Noticias de la Escuela de Postgrado de la Universidad del Pacífico

When we only want to give good news

August 07, 2015 | 00:00
César Antúnez de Mayolo
Source: Gestion

As a manager, you have heads who report directly and also several employees in charge. One of their leaders has on his team a partner waiting to be promoted, but is having a mediocre performance. The time has come to tell him/her that that he/she was not chosen for the promotion and to give feedback. As you know, the individual always defends very well against critiques without admitting mistakes and instead blaming namely for third parties-, compared with other better and prerogatives usually asking for more resources to properly carry out their responsibilities. The boss in question is trying to postpone that meeting, because as direct boss has to say that the results are not as desired and that also had complaints of ill-treatment of some people in the area. You perceive that the boss would prefer to have someone else who has to give that feedback to his subordinate, trying to avoid responsibility, but it turns out that it is precisely direct boss. Why is it so difficult to give bad news and find people to improve? How should we conduct a conversation in which bad news are given, especially with people who are usually defensive? 

 ​Good vs Bad News 

Salary increases, promotions or enrollment at training level is very good news and we all like to be in charge of giving them. There will be no need to prepare a speech and while receiving the good news is the favored, so is the intermediary "benefit" you can improve your relationship with the partner, so he had or not participated in the decision of the good news. However, when the news is bad and is about attention or confront the employee in relation to opportunities for improvement, we are hardly excited or start the conversation, feeling that something can go wrong, we could be unemployed. 

A Survey from KEY Group conducted among 1,400 Group employees in the US found that two-thirds of the managers fail to confront underperforming employees. 

Performance and attitude  

Employees who leave everything to the last minute, do not pay much attention to repeated instructions of their leaders, customarily arrive late, comply with half of its pending activities, lodging complaints of ill-treatment, breach of important procedures or have frequent delays in submitting reports? The impact indicators of the area and the weather may be apparent, but when it comes to call attention, we could hear arguments as "I always get the reports I need to do my work late", "they do answer my e- mails on time "," I'm not the only one who is late, " " perhaps has breached a goal when I have to file reports late? "," is that people in this company are envious, there are cliques" "I work hard and my boss, does not recognize or has something personal against me," among other arguments, that may be valid or not. The smarter and experienced is the partner to confront; the best defense arguments will be available.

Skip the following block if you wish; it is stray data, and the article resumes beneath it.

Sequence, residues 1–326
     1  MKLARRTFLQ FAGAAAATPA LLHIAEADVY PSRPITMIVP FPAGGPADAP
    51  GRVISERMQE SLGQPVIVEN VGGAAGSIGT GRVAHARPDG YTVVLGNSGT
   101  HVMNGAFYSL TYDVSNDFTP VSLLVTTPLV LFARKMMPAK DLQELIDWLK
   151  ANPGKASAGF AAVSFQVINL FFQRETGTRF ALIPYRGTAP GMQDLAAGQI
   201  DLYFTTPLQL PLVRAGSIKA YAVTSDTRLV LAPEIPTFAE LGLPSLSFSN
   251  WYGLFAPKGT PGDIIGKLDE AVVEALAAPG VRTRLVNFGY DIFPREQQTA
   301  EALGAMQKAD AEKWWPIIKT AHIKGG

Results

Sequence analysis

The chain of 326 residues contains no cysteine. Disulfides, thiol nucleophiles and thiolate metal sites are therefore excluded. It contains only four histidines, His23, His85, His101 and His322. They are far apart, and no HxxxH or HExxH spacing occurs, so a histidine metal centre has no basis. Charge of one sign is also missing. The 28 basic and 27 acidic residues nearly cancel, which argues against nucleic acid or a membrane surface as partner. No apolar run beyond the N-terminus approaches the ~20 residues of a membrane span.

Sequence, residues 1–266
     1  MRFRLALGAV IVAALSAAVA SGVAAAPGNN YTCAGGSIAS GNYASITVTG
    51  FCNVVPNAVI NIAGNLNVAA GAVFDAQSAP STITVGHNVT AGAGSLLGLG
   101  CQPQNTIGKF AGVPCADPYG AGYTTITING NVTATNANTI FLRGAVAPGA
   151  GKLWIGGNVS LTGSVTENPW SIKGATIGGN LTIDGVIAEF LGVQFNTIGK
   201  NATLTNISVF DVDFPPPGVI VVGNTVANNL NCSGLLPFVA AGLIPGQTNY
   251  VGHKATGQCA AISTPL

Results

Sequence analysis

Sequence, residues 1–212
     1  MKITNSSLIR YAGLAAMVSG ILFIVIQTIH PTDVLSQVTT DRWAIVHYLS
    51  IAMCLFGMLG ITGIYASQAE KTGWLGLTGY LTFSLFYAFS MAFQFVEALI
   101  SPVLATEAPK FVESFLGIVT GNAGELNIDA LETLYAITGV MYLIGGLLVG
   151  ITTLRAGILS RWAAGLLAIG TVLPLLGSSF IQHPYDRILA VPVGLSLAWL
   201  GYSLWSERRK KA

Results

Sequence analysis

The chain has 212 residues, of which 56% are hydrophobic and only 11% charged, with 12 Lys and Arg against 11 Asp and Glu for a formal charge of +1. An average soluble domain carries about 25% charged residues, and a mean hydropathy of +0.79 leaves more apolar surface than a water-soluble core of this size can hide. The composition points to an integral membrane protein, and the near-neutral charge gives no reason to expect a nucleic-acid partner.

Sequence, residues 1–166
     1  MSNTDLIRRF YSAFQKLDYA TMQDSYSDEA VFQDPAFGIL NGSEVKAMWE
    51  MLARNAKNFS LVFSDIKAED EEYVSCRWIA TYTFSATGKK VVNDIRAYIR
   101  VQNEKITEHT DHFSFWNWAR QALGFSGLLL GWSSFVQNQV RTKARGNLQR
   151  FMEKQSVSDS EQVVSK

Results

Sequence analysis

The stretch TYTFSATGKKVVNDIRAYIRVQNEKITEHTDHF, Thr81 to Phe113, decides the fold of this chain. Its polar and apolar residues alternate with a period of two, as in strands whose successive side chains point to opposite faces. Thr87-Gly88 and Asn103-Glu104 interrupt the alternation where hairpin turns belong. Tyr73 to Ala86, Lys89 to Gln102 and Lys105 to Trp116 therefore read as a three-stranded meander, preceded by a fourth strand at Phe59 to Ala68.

In a survey of Sheila Heen and Douglas Stone from Harvard Law School between American executives, they found that only 36% of respondents completed performance dialogues in person to his subordinates in a full and timely manner. In another survey of HR executives of the same researchers, 63% cited as their biggest challenge in organizational performance incapacity or unavailability of managers in handling difficult feedback dialogues. 

Why is it difficult to receive feedback? 

When receiving feedback a collaborator will find tension between two key human needs, which are the need to learn and develop, and the need to be accepted the way you are. That is why if it is a benign suggestion from the boss, this can cause the receiver to perceive as being treated unfairly and come to feel angry, anxious or even threatened. In another survey S. Heen and D. Stone between employees, 55% of respondents said that their most recent performance review was unfair and inaccurate and one in four acknowledged that such assessments fears more than anything in their working lives. As managers, we must prepare ourselves not only to adequately confront our employees, but above all to develop their full potential and be fairer. 

What can we do to confront a collaborator successfully? 

Clearly define aspects of each partner is responsible for the decisions you can make and what is expected from his position. 
Performance Management
We have objective performance evaluation systems, with specific indicators and 360o surveys. 
One thing at a time
It is preferable to focus on a single aspect as an opportunity for improvement. Say much can be harmful and can be seen as a "beat up" rather than a feedback. 
Avoid using adjectives or value judgments and focus on the work and performance, not the person or perceptions. 
Leave a Trace
By giving formal feedback, leave written evidence. There should be an assessment of a commitment to specific improvement, with a specific date. 
When an employee had opportunities to improve performance and has not taken advantage of them. The employee has to know that after a certain period there is no improvement, the result could be more serious.